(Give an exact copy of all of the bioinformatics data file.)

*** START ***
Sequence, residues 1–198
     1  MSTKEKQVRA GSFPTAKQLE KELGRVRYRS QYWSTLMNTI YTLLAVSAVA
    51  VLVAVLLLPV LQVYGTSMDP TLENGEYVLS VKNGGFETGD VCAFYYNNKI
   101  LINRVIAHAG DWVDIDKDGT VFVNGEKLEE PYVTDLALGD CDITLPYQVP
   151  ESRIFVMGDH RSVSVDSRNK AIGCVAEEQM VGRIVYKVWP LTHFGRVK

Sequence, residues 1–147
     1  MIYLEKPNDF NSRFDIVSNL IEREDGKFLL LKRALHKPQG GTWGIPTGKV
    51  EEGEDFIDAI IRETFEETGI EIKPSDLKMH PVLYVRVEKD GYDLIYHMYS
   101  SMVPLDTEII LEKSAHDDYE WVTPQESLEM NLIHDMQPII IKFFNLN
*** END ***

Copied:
Sequence, residues 1–198
     1  MSTKEKQVRA GSFPTAKQLE KELGRVRYRS QYWSTLMNTI YTLLAVSAVA
    51  VLVAVLLLPV LQVYGTSMDP TLENGEYVLS VKNGGFETGD VCAFYYNNKI
   101  LINRVIAHAG DWVDIDKDGT VFVNGEKLEE PYVTDLALGD CDITLPYQVP
   151  ESRIFVMGDH RSVSVDSRNK AIGCVAEEQM VGRIVYKVWP LTHFGRVK

Sequence, residues 1–147
     1  MIYLEKPNDF NSRFDIVSNL IEREDGKFLL LKRALHKPQG GTWGIPTGKV
    51  EEGEDFIDAI IRETFEETGI EIKPSDLKMH PVLYVRVEKD GYDLIYHMYS
   101  SMVPLDTEII LEKSAHDDYE WVTPQESLEM NLIHDMQPII IKFFNLN